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Polymorphism in C++


If you are new to the world of object-oriented programming, then your first thought after reading the title of this article is "what the heck could ever transform in code?" The answer is not so trivial that I can explain it in just a sentence, but join me throughout this article and you will get the idea.

Author Info:
By: Gabor Bernat
Rating: 4 stars4 stars4 stars4 stars4 stars / 18
June 16, 2009
TABLE OF CONTENTS:
  1. · Polymorphism in C++
  2. · Pointers
  3. · Downcasting
  4. · The Virtual Keyword

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Polymorphism in C++ - The Virtual Keyword
(Page 4 of 4 )

The correct solution is to apply the virtual keyword. The direct effect of this on the pointed function is that, on functions from the base classes, rather than being redefined, it will be overwritten.

We will declare as virtual our function inside the base class.

 

virtual bool appendToStream(stringstream& inTo) const;

 

Once you declare a function virtual, it will remain virtual in all of the derived classes and the classes derived from the derived class; once virtual, always virtual, to sum it up. The real strength in this solution is that, for all functions declared like this in the base class, when we have a base pointer pointing to a derived object, the called function will be declared.

By just adding the virtual keyword in front of the appendToStream function declaration, the same code entered inside the main function at the end of the Pointers segment of this article will now call the derived objects class function, and produce a very different result:

 

2

CarContainer

Car Type: Lamborghini Murcielago

Car Value : 313000

 

 

Press any key to continue . . .

 

Now we have the general usage. Imagine the same when we have a stream of incoming pointers to derived classes through base class pointers; for instance, a vector of base class pointers. If we decide to add a new class, if we overwrite for the virtual function, we do not need to modify a single character in the vector handling. All of this will be done by the compiler in the background. Here is a fast example:

 

BananaContainer banana(1, 1, 50);

CarContainer car(2, "Lamborghini Murcielago", 313000);

EmptyContainer empty(3);

 

stringstream inTo;

 

std::vector<BaseContainer*> allContainer;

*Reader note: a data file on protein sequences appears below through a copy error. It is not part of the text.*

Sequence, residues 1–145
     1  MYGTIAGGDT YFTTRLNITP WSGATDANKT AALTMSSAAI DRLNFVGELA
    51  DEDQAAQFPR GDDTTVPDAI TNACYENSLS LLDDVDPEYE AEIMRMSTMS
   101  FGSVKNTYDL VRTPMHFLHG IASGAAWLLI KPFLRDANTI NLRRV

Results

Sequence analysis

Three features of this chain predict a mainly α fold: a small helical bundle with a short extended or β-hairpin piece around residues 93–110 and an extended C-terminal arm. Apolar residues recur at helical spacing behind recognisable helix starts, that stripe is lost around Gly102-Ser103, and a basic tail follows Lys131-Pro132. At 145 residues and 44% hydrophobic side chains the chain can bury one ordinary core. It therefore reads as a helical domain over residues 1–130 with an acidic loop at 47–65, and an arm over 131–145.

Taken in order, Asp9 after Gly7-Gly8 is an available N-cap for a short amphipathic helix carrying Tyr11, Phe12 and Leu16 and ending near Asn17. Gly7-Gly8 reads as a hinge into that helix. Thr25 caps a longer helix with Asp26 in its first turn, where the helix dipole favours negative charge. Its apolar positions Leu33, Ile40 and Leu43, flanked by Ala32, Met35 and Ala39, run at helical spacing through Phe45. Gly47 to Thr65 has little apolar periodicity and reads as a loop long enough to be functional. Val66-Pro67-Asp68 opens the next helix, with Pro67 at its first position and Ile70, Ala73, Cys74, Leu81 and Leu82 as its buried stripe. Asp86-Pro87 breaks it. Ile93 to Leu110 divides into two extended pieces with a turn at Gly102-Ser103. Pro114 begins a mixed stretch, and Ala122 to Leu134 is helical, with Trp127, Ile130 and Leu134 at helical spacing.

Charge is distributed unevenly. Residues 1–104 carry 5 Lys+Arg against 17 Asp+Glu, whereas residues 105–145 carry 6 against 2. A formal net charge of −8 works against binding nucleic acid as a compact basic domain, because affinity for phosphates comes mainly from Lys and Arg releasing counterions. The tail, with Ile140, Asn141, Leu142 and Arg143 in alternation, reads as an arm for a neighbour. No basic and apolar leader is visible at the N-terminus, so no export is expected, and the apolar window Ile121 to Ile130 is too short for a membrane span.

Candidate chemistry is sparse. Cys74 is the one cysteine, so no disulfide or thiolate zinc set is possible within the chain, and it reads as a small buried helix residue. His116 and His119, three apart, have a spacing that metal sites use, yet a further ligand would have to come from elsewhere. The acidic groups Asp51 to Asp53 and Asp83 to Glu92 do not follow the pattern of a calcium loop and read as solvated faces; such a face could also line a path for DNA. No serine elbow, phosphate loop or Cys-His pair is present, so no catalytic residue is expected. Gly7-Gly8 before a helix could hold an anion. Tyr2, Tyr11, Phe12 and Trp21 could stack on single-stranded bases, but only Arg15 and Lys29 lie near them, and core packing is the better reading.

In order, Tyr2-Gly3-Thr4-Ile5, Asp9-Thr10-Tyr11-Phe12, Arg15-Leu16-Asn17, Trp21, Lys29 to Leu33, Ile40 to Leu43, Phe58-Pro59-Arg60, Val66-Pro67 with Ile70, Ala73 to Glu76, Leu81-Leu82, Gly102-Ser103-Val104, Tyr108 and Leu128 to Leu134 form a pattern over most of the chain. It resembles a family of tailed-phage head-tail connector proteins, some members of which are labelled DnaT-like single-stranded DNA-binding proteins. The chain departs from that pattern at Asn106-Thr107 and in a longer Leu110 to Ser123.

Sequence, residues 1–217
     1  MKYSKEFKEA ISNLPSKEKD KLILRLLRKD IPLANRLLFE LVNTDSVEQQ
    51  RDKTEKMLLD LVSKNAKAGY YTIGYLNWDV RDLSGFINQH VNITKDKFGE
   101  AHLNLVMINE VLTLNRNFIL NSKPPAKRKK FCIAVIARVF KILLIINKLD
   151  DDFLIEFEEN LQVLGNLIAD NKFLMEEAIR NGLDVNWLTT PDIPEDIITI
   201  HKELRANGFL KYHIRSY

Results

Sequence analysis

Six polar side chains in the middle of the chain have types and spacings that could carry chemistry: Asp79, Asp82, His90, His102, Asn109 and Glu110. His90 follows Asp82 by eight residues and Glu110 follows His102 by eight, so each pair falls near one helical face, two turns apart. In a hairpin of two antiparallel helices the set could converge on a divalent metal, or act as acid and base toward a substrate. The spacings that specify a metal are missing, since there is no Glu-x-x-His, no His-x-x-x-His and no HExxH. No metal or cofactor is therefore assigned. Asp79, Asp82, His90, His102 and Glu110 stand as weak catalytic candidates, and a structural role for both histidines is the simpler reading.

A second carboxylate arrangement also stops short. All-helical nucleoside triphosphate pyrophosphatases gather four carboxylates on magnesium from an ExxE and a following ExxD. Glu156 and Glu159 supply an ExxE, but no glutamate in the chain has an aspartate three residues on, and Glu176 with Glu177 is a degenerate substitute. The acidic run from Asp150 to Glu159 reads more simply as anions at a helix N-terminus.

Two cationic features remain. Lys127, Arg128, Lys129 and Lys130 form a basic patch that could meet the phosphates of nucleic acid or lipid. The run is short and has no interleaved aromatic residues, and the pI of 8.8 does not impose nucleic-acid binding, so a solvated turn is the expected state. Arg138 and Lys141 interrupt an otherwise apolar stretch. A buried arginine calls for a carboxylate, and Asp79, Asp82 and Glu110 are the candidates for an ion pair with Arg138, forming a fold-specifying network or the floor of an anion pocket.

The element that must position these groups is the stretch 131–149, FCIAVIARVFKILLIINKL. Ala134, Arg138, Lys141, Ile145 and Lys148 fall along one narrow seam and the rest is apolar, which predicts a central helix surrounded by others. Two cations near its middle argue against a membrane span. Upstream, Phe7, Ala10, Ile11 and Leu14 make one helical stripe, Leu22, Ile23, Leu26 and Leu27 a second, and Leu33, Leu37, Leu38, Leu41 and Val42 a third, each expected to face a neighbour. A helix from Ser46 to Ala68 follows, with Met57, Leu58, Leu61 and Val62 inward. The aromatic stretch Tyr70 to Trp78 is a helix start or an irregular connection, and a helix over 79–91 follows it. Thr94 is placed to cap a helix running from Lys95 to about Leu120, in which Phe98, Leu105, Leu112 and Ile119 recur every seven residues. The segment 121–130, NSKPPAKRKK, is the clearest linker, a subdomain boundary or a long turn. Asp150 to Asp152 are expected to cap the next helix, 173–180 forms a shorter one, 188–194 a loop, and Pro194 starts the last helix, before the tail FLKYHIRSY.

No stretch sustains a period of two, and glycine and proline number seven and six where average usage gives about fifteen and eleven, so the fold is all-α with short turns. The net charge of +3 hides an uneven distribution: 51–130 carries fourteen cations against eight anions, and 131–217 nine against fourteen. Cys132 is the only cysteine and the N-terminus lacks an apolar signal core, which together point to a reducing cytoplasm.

allContainer.push_back(&banana);

allContainer.push_back(&car);

allContainer.push_back(&empty);

 

std::vector<BaseContainer*>::iterator it, end;

for (it = allContainer.begin(), end = allContainer.end();

it != end; ++it)

{

(*it)->appendToStream(inTo);

}

cout << inTo.str() << endl;

 

We can also decide to not overwrite the virtual function, as by default in this scenario the base class's function will be used. This is the case of the EmptyContainer, for which I decided to not write this function, and as follows, only the ID of the container is printed on the screen of your computer. In addition, the following appears on the console:

1

BananaContainer

Price per box: 1

Number of boxes 50

 

2

CarContainer

Car Type: Lamborghini Murcielago

Car Value : 313000

 

3

 

Press any key to continue . . .

 

Here, in a downloadable form, is the code for all of this written in Visual Studio 2008. It will work under any C++ compiler as long as you build a new empty console project and add these files to it. Be aware that it already contains some stuff that will be covered in the next article, so if you happen to bump into something that is not covered here, wait a little while. Nevertheless, feel free to try the things I have shown you in this article.

 

 

Take the time to understand the content I offered to you today. I've just scratched the surface of polymorphism and virtual functions. Feel free to post your comment here on the blog.

Live with Passion!


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